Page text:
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Tuesday, 19 October 2010

Island Blues

The temperature around here has dropped like a stone and this morning we saw the first dusting of snow on Ben Wyvis - yikes, already! Happily, I have just finished knitting myself a cosy scarf to go with this coat which I finished earlier this year. I had some lovely hand-dyed wool from the Isle of Skye and I wanted to try something different, with a bit of a lace, and in my Internet wanderings I found a pattern using the Shetland Isle traditional lace stitch 'Cat's Paw'.  The pattern is free on Elizabeth Lovick's Northern Lace website. Truth be told, as a fairly inexperienced knitter, it was a challenge to me, especially at the start, where more concentration was needed than an easily distracted mother can muster. However, once I got into the rhythm of the pattern and started to see the pattern emerge, I found it very satisfying to make.

Sunday, 10 October 2010

Sunday Tea

After weeks of chilly wet weather and accompanying poor health all round, finally the sun returned and our energy with it. How welcome is a weekend outdoors. And for tea today, off to a favourite spot, with a camping stove, pancake batter, jam, bananas and coffee. I don't believe any café could have made us happier.

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Thursday, 30 September 2010

A Day Out

Before I went back to work I had a couple of days when the boys were at school. It was a bit strange to have this time to myself...and rather nice. After a brief discussion with myself (yes, yes, it's the road to madness) I swiftly threw off any ideas about clearing out cupboards, sorting through papers, blah, blah, and decided to head out instead. I went to visit Scotland's Housing Expo, a local development of 52 sustainable homes.  The sun shone, I kept bumping into friends and it was a really interesting day. We went to something similar in Sweden some years back and it was great to see the Scandinavian influence in the Highlands. Having said that, some of the architecture was a bit too modern for me - and a bit bonkers too. Who would want to live in a home where the kitchen was downstairs and the dining room a rather long haul upstairs? Not designed by a cook, I suspect...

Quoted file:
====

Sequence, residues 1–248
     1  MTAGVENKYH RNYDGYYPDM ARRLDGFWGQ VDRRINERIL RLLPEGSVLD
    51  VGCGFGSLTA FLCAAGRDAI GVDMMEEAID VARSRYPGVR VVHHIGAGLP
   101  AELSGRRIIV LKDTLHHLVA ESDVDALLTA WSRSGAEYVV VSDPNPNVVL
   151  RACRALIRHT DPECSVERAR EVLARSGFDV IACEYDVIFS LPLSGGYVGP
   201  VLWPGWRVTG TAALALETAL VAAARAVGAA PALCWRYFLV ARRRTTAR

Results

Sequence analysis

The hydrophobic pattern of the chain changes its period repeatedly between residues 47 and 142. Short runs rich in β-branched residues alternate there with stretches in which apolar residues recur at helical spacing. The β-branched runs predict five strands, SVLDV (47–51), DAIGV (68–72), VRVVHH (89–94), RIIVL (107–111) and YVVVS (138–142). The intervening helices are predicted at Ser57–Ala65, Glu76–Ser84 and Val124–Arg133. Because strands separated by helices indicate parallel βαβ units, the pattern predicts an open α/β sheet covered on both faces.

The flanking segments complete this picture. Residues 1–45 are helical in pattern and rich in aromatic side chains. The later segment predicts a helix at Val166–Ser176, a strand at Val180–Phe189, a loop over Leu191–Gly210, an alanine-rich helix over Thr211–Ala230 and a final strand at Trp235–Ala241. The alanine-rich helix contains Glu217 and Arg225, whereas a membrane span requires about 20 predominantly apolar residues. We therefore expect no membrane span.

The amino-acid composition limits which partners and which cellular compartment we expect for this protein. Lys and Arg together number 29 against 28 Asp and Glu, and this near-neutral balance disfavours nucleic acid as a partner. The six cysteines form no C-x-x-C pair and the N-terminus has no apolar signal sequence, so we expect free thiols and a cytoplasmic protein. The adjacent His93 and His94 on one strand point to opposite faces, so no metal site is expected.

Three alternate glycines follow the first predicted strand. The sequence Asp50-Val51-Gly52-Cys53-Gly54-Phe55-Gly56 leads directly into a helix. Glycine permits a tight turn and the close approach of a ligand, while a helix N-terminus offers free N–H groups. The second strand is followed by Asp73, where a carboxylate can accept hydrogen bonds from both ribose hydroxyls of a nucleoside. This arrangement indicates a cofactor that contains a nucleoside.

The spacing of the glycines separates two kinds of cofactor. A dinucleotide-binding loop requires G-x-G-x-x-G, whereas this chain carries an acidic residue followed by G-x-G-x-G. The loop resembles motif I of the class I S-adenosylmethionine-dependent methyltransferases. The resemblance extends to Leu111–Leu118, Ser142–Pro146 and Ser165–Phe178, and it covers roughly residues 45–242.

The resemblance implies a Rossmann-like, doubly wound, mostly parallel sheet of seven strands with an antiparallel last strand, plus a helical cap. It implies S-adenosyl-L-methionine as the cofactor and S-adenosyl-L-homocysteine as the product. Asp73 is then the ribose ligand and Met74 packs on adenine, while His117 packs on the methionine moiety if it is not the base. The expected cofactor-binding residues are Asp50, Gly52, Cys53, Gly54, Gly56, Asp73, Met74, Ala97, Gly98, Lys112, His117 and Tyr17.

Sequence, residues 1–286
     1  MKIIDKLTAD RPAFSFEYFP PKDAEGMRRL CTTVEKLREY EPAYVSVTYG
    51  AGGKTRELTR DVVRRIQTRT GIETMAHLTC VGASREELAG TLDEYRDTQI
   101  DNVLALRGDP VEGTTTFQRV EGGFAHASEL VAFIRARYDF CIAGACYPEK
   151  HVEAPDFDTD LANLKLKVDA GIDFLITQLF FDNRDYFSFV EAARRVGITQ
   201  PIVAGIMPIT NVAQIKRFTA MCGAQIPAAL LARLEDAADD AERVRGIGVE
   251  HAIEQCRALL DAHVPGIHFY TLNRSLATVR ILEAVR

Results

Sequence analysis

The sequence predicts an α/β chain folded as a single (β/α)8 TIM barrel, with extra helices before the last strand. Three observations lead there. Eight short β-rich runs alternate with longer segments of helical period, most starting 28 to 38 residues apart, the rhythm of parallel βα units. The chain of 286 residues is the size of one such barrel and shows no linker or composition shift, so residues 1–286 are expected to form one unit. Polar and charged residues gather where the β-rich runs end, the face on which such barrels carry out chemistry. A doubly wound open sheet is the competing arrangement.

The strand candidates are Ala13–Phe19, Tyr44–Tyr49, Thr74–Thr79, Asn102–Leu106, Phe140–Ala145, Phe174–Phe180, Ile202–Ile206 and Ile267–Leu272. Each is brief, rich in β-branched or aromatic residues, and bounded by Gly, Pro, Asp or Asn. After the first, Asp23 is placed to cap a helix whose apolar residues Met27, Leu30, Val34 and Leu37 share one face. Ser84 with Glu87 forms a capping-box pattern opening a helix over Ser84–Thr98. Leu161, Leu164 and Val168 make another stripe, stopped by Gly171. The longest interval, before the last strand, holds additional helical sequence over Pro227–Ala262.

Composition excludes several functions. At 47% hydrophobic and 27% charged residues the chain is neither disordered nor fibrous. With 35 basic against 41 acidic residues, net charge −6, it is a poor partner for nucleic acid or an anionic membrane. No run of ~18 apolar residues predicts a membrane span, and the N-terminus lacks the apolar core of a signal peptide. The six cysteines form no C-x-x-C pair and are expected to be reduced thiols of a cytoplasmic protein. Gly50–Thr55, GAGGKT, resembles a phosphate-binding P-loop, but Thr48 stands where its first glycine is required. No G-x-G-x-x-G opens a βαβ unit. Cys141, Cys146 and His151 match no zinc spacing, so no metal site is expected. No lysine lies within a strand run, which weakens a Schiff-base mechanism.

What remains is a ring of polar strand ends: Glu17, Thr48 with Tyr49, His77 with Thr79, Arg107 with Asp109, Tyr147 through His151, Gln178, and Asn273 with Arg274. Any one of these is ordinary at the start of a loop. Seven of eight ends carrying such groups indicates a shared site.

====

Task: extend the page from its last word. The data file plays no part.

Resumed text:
However, one of my favourites was the ANTA house , a tiny but very cosy home. I love their pottery and fabric, but it's horribly expensive. Still, very inspiring, nonetheless. Check out that wash hand basin!

There were quite a lot of lovely crafts on display too. Here's a couple of my those owls!

Beats clearing out any day...

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Tuesday, 21 September 2010

A New Rhythm

Oh dear, a month has almost passed since my last posting, how did that happen? My absence has been due to a big shift of lifestyle. When my oldest was born (over seven years ago - unbelievable) I stepped back from a full time position of responsibility at L'Arche, in order to focus on  my new life as a mother, which I have absolutely loved. I didn't stop being involved in the Community, sometimes in small ways such as having folk over to lunch, sometimes in bigger projects like organising the whole community to go away on pilgrimage. It's been a great honour to have had so much time at home with the boys while they have been young, but now my youngest has started school, and it is time to start working again. It has taken me many month to feel ready, and a certain amount of heart searching, coupled with seeing the end of nursery days, which have been so very precious. However, several boxes of tissues later, and with peace in my heart, I am very much enjoying being back in a L'Arche house four days a week. Happily, I am normally at home by the time the boys are and I won't be working school holidays.